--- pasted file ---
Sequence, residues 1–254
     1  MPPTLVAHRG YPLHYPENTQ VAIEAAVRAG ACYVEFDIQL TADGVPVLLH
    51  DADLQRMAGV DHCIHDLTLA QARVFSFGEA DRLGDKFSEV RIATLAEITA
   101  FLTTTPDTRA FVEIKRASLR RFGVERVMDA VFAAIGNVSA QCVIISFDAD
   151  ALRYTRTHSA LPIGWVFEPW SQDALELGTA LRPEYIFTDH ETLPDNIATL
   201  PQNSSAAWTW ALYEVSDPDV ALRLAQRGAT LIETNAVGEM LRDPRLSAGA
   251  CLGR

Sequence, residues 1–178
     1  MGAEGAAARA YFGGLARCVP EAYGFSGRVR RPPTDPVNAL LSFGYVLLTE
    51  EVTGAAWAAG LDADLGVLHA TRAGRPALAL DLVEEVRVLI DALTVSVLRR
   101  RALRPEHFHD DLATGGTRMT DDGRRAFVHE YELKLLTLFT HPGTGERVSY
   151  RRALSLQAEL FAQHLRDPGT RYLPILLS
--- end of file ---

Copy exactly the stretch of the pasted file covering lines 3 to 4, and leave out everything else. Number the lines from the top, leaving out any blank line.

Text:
    51  DADLQRMAGV DHCIHDLTLA QARVFSFGEA DRLGDKFSEV RIATLAEITA
   101  FLTTTPDTRA FVEIKRASLR RFGVERVMDA VFAAIGNVSA QCVIISFDAD